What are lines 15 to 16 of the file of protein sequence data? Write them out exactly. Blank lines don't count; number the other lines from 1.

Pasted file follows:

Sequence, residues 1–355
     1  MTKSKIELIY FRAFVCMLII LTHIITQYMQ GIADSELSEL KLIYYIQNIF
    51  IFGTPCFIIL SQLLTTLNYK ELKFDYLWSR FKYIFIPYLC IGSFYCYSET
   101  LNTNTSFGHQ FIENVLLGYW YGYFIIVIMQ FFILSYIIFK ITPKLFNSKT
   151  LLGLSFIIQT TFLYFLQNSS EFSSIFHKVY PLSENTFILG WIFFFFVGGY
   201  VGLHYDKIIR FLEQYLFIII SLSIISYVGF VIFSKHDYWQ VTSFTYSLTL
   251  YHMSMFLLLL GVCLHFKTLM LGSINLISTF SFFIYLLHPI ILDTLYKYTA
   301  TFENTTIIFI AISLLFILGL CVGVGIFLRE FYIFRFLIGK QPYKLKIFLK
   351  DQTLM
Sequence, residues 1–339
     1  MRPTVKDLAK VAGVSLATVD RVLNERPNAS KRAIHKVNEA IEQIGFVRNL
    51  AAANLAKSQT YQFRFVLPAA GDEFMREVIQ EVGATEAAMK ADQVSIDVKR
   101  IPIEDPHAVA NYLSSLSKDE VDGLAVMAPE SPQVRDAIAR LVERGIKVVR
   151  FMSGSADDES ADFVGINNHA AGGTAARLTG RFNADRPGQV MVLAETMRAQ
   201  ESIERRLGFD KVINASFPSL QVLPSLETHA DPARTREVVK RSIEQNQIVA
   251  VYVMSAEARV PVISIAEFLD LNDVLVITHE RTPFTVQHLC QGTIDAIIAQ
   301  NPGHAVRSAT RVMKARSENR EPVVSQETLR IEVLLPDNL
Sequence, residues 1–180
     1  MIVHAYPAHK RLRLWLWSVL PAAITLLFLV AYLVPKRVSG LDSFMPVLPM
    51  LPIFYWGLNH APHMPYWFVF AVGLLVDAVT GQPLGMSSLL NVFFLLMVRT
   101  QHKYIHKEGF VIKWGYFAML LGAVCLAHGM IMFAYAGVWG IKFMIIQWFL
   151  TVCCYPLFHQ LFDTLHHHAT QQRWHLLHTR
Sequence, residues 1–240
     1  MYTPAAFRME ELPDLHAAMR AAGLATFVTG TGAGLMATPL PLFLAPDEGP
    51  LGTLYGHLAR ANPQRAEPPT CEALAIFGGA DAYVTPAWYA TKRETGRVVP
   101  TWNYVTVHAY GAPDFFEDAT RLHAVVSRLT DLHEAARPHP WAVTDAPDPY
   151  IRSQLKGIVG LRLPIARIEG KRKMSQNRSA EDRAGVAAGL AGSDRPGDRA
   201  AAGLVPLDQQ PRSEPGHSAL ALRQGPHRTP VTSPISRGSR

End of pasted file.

   201  ESIERRLGFD KVINASFPSL QVLPSLETHA DPARTREVVK RSIEQNQIVA
   251  VYVMSAEARV PVISIAEFLD LNDVLVITHE RTPFTVQHLC QGTIDAIIAQ